fecret Secret ambition makes thee think what power wilt thou recal to my fo, and my virtue makes me doubt mind those aystere maxims of virit. But suffer me to examine thee tue I learned in my youth? Why in my turn: if I associate myself is thine ardent zeal grown cool, with the Arabs, who plunder our when I am required to sacrifice this caravans, may I not say to myself, virtue to the orders of a sultan, or a whether I live with these robbers, vizir ? I dare to answer this queror separate myself from their com- tion: it is because the lustre of my pany, the caravans will be still at- grandeur, the unworthy price of a tacked: by living with the Arab I base obedience, would be reflected Mall soften his manners; I shall op- on thyself: thou wouldst then overpose at least the useless cruelties he look the crime; but if thou, didst commits on travellers: I shall do discover it, thou wouldst change its my duty without adding to the pub- name, and call it duty.” lic misery. This reasoning is thine, Thus we see it would be the and if neither thy nature nor thy- highest absurdity to fill the mind self can approve it, why then with magnanimons ideas, in counfhouldest thou permit, under the tries where vice is rewarded and virname of bashaw, what thou forbid. tue punished. But this is not the delt under that of Arab? O, my. cafe in monarchies ; reformation father! mine eyes are at length there, though difficult, is not imopened, I see that virtue does not possible. inhabit despotic states, and that in But I am wandering from my thy breast ambition stifles the cry subje&; discussions of this kind reof equity! I cannot proceed to gran- quire a volume: and shall therefore deur by trampling justice under my conclude with observing, that the, feet, my virtue defeats thy hopes : whole plan of an excellent educamy virtue becomes odious to thee, tion is reduced to this, first to fix in and thy hopes being deceived, thou the minds of young men such ideas, givest it the name of folly. It is as have a relation to their state and ftill to thee that I must refer it; fa- fortune; and, secondly, to use the thom the abyss of my soul, and an- most certain means of inflaming swer me.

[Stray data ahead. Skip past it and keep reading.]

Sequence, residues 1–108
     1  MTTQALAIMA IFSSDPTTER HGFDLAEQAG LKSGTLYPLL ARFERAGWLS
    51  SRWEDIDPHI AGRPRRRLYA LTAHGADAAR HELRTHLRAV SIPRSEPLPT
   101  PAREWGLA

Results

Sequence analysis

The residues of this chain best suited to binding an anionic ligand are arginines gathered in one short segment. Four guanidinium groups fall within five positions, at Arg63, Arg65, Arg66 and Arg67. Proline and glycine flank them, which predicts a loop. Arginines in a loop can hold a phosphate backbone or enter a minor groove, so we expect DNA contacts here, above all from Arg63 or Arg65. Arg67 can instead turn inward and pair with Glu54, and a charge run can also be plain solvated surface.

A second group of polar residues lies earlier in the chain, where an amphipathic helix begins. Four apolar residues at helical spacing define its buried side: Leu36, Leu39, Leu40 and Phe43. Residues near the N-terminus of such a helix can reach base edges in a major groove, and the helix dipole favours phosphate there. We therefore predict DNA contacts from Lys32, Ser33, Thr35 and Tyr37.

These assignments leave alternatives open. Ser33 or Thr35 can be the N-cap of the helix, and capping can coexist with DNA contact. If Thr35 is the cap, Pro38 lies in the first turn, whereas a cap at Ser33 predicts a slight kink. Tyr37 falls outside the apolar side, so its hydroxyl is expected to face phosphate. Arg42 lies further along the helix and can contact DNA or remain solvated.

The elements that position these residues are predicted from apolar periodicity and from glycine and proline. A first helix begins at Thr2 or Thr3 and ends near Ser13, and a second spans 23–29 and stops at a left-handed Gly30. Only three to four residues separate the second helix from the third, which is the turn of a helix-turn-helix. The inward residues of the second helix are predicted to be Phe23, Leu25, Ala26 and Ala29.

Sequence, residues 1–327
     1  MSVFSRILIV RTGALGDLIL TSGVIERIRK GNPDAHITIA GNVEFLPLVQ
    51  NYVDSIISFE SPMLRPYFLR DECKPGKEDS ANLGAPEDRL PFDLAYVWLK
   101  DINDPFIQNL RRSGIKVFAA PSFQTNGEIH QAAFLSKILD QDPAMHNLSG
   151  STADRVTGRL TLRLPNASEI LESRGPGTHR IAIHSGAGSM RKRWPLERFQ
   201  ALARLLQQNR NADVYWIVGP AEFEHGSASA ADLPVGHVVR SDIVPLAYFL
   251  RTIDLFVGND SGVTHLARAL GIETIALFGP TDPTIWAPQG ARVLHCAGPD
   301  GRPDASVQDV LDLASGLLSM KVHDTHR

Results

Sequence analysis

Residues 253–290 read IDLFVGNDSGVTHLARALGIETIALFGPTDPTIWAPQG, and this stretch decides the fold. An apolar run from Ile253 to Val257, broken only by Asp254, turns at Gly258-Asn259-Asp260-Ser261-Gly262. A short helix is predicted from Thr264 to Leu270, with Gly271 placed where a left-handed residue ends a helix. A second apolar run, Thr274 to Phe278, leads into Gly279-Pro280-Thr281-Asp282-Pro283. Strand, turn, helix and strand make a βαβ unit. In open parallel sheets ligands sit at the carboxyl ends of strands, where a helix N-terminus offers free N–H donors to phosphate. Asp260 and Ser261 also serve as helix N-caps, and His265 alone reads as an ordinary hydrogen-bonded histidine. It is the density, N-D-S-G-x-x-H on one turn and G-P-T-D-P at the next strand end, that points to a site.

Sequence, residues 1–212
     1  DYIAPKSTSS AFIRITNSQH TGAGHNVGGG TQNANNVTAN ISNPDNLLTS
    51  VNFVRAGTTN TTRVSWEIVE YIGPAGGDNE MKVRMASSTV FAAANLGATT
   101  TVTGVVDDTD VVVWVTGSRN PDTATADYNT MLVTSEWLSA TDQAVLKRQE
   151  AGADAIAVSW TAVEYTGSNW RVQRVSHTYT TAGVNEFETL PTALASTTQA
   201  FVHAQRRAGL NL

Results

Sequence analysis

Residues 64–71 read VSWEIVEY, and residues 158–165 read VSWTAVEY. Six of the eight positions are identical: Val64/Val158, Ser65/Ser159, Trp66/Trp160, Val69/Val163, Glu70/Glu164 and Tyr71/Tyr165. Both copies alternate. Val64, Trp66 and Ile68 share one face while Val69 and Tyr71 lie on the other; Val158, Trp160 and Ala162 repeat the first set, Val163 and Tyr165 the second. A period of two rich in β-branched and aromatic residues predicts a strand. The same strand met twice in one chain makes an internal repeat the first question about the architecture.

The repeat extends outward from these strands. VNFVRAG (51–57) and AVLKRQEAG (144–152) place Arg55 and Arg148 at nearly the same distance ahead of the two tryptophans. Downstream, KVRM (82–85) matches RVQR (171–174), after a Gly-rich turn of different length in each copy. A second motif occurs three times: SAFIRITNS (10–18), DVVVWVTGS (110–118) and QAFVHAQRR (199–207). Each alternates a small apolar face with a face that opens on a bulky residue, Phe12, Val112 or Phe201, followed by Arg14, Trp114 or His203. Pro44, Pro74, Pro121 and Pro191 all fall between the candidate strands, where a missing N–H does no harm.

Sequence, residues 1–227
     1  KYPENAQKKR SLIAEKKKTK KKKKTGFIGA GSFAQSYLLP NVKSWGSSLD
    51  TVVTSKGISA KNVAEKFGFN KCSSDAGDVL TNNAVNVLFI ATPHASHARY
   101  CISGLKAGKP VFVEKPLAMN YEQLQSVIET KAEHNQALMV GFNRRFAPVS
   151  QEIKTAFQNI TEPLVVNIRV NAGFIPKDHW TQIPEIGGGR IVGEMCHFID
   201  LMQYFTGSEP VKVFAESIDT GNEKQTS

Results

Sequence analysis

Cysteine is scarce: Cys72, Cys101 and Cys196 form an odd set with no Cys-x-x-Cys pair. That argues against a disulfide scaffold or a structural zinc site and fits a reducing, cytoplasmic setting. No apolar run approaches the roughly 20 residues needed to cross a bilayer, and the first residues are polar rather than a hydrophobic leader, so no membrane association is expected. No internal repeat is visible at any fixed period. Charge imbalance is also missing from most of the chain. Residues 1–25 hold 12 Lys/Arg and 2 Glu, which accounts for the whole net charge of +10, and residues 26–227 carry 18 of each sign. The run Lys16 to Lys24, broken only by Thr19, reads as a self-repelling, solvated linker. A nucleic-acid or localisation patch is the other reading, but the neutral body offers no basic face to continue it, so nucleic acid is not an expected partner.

If I sacrifice juftice to them with the love of glory, and pleasure and wanton caprice, by the public esteem.
Transation of a Letter wrote by Prince Ferdinand to General Sporcken, on re.
fgning to him the Command of the Allied Army in Germany,
longer necessary; his Majesty was '